Den Sozialdemokraten fordert der Chef der konservativen Opposition, Tony Abbott, heraus. Noch vor wenigen Wochen hatte dieser geglaubt, er habe den Wahlsieg so gut wie in der Tasche: Julia Gillard schien für ihn keine Gegnerin mehr zu sein. Doch dann sah er sich unerwartet seinem alten Widersacher Rudd gegenüber.

Premier im Umfragehoch

Ende Juni war Gillard über eine parteiinterne Vertrauensabstimmung gestürzt, woraufhin Rudd erneut das Amt des Regierungschefs übernahm. Seither klettert der Premier in den Umfragen stetig nach oben – bisher nicht hoch genug: Würden schon heute Wahlen abgehalten, hätten die Sozialdemokraten wohl keine Chance, an der Macht zu bleiben.

Rudd ist ein Stehaufmännchen. Er hatte die Labor-Partei 2007 zu einem sensationellen Wahlsieg über die Konservativen von John Howard geführt. Im Juni 2010 – nach einer Kampagne der Ressourcenindustrie gegen eine von Rudd geplante Rohstoffsteuer – holte Labor seine Stellvertreterin Julia Gillard an die Spitze und damit ins höchste Regierungsamt.

Die erste Premierministerin des Landes erreichte politisch viel und wachte darüber, dass das rohstoffreiche Australien die Weltwirtschaftskrise praktisch unbeschadet überstand. Trotzdem scheiterte sie an der endlosen und oft sexistisch gefärbten, respektlosen Kritik vonseiten konservativer Medien. Ihre Beliebtheit sackte auf ein historisches Tief ab. Ende Juni verlor sie dann die Parteiführung an Rudd.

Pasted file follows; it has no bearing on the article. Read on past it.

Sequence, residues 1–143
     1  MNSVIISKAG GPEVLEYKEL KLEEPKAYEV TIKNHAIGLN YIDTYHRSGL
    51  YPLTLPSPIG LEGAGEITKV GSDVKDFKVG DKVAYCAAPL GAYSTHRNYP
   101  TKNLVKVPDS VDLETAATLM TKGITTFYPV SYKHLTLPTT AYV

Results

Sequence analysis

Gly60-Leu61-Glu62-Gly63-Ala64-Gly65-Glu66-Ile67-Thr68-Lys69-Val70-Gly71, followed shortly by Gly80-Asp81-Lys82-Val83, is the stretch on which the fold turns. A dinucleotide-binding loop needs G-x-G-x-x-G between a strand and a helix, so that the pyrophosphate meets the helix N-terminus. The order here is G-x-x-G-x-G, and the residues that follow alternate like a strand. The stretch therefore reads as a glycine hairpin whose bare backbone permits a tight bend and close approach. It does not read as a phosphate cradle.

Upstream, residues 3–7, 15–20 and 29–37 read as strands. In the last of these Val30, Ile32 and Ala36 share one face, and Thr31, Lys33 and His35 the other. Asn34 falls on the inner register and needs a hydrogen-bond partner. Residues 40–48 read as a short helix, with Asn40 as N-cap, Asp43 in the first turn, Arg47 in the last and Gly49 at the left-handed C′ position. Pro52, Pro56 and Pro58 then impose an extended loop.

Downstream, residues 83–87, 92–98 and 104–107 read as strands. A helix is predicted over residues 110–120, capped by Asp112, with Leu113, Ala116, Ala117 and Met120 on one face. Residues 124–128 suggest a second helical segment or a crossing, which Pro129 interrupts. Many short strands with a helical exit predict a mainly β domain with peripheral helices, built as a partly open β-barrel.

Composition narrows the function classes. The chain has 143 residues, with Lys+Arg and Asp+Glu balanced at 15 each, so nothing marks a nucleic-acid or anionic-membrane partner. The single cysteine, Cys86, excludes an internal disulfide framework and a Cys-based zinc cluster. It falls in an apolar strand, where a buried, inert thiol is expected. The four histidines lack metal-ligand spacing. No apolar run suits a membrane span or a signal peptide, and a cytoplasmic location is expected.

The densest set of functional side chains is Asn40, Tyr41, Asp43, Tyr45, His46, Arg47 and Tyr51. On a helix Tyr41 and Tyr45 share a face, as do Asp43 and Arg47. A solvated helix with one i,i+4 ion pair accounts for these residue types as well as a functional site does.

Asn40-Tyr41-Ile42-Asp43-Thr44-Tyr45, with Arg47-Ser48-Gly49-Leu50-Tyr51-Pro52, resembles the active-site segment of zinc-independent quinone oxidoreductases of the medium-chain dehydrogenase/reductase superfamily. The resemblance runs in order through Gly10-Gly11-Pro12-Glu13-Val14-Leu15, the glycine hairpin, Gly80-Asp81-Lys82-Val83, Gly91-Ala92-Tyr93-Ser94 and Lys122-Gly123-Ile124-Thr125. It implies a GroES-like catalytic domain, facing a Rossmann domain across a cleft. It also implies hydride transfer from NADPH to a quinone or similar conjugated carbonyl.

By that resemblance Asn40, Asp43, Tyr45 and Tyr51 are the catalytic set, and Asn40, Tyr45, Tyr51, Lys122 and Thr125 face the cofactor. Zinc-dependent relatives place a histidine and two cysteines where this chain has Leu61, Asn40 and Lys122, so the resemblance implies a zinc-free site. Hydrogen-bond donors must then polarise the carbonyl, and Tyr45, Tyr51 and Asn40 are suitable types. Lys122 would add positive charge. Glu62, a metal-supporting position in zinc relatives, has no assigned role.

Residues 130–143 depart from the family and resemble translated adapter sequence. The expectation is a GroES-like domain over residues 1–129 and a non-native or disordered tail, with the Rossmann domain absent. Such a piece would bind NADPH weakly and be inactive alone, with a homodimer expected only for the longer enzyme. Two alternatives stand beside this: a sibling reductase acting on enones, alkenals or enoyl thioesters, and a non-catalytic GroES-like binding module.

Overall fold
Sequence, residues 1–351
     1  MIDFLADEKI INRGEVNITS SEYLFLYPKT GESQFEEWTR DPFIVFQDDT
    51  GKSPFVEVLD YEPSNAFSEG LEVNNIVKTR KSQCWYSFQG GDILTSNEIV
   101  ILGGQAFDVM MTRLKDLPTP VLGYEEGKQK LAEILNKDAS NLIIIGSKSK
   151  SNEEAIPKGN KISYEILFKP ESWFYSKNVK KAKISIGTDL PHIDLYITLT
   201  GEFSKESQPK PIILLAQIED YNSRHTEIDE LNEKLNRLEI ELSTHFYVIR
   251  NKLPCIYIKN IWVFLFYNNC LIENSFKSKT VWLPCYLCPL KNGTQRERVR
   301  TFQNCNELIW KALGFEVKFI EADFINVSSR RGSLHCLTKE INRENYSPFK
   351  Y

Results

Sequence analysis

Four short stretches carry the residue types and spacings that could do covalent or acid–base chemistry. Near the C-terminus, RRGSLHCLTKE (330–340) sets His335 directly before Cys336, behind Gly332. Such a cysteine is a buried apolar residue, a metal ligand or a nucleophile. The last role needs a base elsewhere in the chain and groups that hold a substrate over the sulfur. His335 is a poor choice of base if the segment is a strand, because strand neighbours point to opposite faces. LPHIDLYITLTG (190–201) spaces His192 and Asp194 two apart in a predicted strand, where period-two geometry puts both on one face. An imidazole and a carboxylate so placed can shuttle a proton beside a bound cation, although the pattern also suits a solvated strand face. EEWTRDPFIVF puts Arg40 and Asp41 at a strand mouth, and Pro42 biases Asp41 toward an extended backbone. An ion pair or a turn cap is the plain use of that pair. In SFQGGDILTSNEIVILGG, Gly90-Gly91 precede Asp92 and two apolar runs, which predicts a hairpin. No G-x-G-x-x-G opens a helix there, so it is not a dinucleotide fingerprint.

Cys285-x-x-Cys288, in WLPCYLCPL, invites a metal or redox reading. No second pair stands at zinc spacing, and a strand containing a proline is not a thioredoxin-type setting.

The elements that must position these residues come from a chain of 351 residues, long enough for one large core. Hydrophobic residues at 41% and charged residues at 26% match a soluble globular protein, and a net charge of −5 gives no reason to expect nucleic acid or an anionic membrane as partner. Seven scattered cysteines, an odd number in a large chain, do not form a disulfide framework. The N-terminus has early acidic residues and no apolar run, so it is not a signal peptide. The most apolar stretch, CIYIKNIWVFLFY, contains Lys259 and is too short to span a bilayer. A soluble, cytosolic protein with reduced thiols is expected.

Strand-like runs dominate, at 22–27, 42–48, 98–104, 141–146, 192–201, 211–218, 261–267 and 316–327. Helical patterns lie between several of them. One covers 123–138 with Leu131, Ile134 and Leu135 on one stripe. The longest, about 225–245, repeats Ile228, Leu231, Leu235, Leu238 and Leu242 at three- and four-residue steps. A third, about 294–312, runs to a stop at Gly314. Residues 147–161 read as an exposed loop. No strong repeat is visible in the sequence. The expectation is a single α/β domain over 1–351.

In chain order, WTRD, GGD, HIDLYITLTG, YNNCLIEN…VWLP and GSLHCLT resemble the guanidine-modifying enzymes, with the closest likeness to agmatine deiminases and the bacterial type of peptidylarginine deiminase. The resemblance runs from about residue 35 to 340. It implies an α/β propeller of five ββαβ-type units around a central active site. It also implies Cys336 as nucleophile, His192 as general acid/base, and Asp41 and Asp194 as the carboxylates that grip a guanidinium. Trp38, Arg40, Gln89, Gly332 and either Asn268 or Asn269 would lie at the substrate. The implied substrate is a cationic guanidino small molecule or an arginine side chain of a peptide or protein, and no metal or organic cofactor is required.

Politik der Härte

Beobachter fürchten nun einen von Fremdenfeindlichkeit und Rassismus geprägten Wahlkampf. Seit Juni überbieten sich Rudd und Abbott in einer Politik der Härte gegenüber Flüchtlingen, die per Boot von Indonesien nach Australien kommen. Abbott will die zumeist aus dem Iran und dem Irak stammenden Menschen nach Indonesien zurückschicken – gegen den erklärten Widerstand Jakartas. Rudd dagegen kündigte an, alle Bootsflüchtlinge würden nach Papua-Neuguinea oder auf die Pazifikinsel Nauru verfrachtet. Sie sollten dann keine Möglichkeit mehr haben, in Australien leben zu können.

Obwohl heuer bisher nur etwa 15.000 Menschen per Boot nach Australien kamen und obwohl im Regelfall auch fast alle Asylsuchenden später tatsächlich als Flüchtlinge anerkannt werden und sich gut in die Gesellschaft integrieren, fühlen sich viele Australierinnen und Australier von ihnen bedroht.

Der früher in Sachen Asylpolitik eher moderate Rudd hat erkannt, dass nur eine “Politik der Herzlosigkeit” Wählerstimmen bringen kann. Vor allem die Opposition appelliert mehr oder weniger offen an den im australischen Volk latenten, aber weit verbreiteten Rassismus gegenüber Menschen islamischen Glaubens. (Urs Wälterlin aus Canberra, DER STANDARD, 6.8.2013)